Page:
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Souks bubbling with colorful wares, in-your-face vendors hollering at potential shoppers and motorcyclists expertly navigating the zigzagging streets of Old Medina — this is what Marrakech, Morocco, is all about.
Your visit in Marrakech should begin and also end in the Central Souks (markets). It’s the best place to get lost in a city that usually takes a day to get used to. Smile at the vendors and politely say “non, merci” to invitations to explore their shops or to serve as your guide. Save the shopping and haggling until the end of your trip. Allow yourself to get acclimated to the culture, as well as the persistence of the locals, all while feasting on the colorful artisanal products and the scents of local spices.
Continue the assault on your senses in the city’s most famous square. Djemaa El-Fna is best experienced when twilight has befallen the city, when lamps sparkle against the dusky sky and enigmatic street performers have started their acts. Food stalls serving grilled meat, fresh juice and exotic dishes form makeshift streets in this dynamic square as musicians, circus performers, belly dancers, animal trainers and traditional storytellers pour in to provide the night’s entertainment. Remember to bring a few dirham coins with you for tips, but keep them secure as there might be a couple of pickpockets around.
Once you’ve had your fill of the local scene, head to one of the city’s quiet havens. You may not be able to walk into Koutoubia Mosque and see its interiors unless you’re Muslim, but exploring the surrounding grounds is enough to appreciate what is one of the most admired mosques in Moorish architecture. Stop and see its peach-colored minaret, towering over the courtyard and the entire city, and notice the intricate details of the mosque from afar. Later, stray into its gardens, which resemble palm and orange-tree lined oases.
An essential part of a classic Moroccan experience is enjoying a bathing ritual at a hammam (a Middle Eastern steam bath), which locals partake in on a regular basis. The ritual is a three-fold process involving a wash, a cleansing scrub and a relaxing massage. A traditional public hammams is separated by gender and appears little changed since their early days, though you will have to bring your own supplies. Hammams are terrific for interacting with the locals and immersing yourself in the Moroccan way of life, but if you prefer a more spa-like experience, private hammams such as Heritage Spa in the Bab Doukkala district or the touristy Medina Spa might be the way to go.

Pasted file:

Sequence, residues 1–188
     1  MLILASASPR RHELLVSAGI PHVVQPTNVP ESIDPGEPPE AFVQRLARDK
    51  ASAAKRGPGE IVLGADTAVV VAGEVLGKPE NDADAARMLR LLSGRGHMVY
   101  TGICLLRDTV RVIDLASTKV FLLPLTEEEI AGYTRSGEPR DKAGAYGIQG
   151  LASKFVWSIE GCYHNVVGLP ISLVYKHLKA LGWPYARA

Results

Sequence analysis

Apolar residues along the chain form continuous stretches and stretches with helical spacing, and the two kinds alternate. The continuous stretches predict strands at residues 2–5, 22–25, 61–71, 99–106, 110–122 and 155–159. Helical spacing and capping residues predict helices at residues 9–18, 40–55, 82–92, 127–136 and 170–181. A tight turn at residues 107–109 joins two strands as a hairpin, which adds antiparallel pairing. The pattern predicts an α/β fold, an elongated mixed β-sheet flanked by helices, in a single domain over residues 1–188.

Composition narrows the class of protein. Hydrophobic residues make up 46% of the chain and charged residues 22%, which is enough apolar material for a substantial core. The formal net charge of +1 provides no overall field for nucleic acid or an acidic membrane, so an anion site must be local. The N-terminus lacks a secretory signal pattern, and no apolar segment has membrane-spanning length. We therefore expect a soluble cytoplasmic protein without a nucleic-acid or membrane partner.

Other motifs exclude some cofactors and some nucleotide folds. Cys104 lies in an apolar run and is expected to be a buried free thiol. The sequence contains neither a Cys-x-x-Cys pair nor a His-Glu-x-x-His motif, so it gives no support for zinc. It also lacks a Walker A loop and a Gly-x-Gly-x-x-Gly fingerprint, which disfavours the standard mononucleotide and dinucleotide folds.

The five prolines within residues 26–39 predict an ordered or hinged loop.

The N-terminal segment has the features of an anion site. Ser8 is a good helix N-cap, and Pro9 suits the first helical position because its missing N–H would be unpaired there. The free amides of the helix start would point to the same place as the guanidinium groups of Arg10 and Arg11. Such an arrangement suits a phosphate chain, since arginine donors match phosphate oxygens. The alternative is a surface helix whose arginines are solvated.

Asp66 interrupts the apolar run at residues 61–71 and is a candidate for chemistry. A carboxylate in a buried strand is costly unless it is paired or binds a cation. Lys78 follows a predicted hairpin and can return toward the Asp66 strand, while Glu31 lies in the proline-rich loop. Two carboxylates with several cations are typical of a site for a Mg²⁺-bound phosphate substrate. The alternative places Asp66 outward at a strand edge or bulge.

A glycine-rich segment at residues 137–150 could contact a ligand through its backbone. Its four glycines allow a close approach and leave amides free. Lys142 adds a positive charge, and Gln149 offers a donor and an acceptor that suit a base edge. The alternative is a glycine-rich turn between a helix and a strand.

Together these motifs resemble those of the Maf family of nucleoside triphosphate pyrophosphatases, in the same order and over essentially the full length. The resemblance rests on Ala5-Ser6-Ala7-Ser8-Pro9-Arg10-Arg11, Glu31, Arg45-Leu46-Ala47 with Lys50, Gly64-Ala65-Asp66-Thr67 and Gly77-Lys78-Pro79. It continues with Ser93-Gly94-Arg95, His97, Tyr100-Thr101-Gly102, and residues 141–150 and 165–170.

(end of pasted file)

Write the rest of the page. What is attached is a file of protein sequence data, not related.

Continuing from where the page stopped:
Be sure to see more of the city’s charming architecture. Now serving as a historical attraction open to visitors is the former theological college Medersa Ben Youssef. It is the largest in Morocco and boasts one of the most intricate and richly designed buildings in the city. This is Moorish architecture at its finest, brimming with splendid details that might just inspire you to do a home makeover. Wonder at the doors and arches covered in arabesques, mashrabiyya windows carved out of cedar wood and walls decorated with colorful tilework. Couple this visit with a quick stop at neighboring Marrakech Museum, whose palatial interiors and exhibits of traditional Moroccan artifacts are just as impressive.
Medina Spa www.medina-spa-marrakech.com
Medersa Ben Youssefwww.medersa-ben-youssef.com